Reinventing the cheese grater to save space

I realize that the Twist N Grate solves a well-known problem in modern times. No, it is not the shortage of cheese...it is the shortage of space, kitchen space.

Twist 'n' Grate from Microplane
Twist 'n' Grate is Microplane's answer to big grating jobs in tight spaces. The grater collapses to fit inside a kitchen drawer, but transforms into a free standing cone to offer full "grating stability"
Twist 'n' Grate from Microplane
Twist 'n' Grate is Microplane's answer to big grating jobs in tight spaces. The grater collapses to fit inside a kitchen drawer, but transforms into a free standing cone to offer full "grating stability"

Before I give you the Stark Insider take on one of the latest incarnations of the beloved grater, Microplane’s “Twist N Grate” ($19.95), I thought it would be good to recap how the grater earned its coveted spot as an essential kitchen utensil.

The grater has come a long way since its original invention in the 1540s by Francois Boullier in France. Originally, the grater, made out of pewter, was the solution to a cheese surplus created when farmers rushed to transform their herd to dairy during the post-Enlightenment “no meat” era. The grater made the hard cheeses, like Parmesan, consumable as a table condiment. It fell out of favor about a decade later when cheese became a luxury product during the drought in 1555.

Ironically, hundreds of years later, it was also the shortage of cheese, this time created by the economic impact of the Great Depression, that inspired Philadelphia entrepreneur Jeffrey Taylor to reintroduce Boullier’s invention as a way to stretch the ingredients of a dish, thus making them “greater”. Alas, modern English name, “grater” was born.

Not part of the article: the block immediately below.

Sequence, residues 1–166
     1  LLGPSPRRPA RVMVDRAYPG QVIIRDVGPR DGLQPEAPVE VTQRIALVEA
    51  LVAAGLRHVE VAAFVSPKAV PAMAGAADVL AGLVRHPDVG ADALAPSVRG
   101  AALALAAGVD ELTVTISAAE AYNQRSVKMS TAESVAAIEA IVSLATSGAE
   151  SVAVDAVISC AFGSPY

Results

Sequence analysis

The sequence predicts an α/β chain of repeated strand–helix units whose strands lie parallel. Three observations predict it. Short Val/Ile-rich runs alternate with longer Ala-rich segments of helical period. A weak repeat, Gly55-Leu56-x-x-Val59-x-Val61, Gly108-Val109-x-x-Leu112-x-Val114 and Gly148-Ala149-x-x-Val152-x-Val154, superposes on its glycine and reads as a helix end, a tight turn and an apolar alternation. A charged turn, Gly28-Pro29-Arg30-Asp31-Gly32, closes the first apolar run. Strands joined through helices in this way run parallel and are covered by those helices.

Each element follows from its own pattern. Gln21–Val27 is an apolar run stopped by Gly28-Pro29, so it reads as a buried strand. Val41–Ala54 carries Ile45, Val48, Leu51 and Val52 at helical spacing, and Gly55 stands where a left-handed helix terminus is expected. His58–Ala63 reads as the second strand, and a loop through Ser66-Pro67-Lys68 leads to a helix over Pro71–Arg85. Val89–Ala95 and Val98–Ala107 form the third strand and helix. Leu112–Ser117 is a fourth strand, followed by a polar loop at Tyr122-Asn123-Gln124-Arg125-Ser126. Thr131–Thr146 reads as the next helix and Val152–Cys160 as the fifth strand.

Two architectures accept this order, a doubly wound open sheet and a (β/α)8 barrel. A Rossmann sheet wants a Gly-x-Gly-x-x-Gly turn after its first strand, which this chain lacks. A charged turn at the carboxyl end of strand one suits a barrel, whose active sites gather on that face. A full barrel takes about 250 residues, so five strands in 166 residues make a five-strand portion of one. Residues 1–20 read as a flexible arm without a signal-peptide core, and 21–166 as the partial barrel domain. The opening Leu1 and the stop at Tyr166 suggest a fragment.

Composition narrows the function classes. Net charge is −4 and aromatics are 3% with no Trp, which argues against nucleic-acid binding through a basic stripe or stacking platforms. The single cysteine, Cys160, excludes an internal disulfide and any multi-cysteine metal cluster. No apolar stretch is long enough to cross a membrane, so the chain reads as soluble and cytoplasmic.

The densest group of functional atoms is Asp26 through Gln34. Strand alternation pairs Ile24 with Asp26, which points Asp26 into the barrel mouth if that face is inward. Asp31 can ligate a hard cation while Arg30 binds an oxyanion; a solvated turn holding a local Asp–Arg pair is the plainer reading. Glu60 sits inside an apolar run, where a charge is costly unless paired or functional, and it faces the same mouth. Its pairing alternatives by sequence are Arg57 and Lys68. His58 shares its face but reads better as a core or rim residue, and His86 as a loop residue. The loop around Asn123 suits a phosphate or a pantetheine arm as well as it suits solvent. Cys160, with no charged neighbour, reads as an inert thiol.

Flash forward to today’s plethora of graters in all different sizes and shapes, building on the simple concept of holes punched into metal surfaces. If grater was a species, it has done mighty well co-existing with us humans.

I own at least four graters in my kitchen for cheese and lemon zest. One of my favorites is a grater on a beautiful wooden box. As you grate, the cheese falls gently into the box that can be slid out and displayed beautifully at the table for guests to use on salads and other dishes.

With this context, I look upon this Microplane. Will it earn a coveted spot in my kitchen?

At first glance, I realize that the Twist ‘n’ Grate solves a well-known problem in modern times. No, it is not the shortage of cheese. Instead, it is the shortage of space, kitchen space. The grater is made to collapse into a flatter form so it can easily slide into a narrow drawer. Unlike its boxy predecessors that have always been awkward to store.

The handle is rubbery, reminding me of Oxo products, which makes it comfortable to grasp. When expanded into a cone shape and placed on my kitchen counter, it is not as stable as a conventional grater. Like a conventional grater, it has different sized holes for some choice in cheese texture.

Twist N Grate in its packaging.

The grater was fairly easy to clean after use. There is a clear plastic cover that goes around the larger half of the grater to make it easier to handle when not in use and when twisting to expand or contract. However, I could envision the clear plastic cover being easily misplaced and lost.

The overall esthetics are okay. Nothing to fawn over. I would definitely keep this grater in a drawer when not in use. The packaging was surprising since it was very boxy and didn’t highlight the key strength of this grater which is that it is slimmer than the conventional grater.

Does the Twist N Grate make it into my Californian kitchen? No, this grater is not more useful nor more beautiful than my existing graters. I do think this grater would be ideal in an outdoor BBQ kitchen or at the cottage. In fact, this grater may just find its way into my Casa del Lagarto Azul in Loreto, Baja California Sur.

P.S. I do have a Microplane Classic Original Zester in my California kitchen which I love. Pure stainless steel glory.

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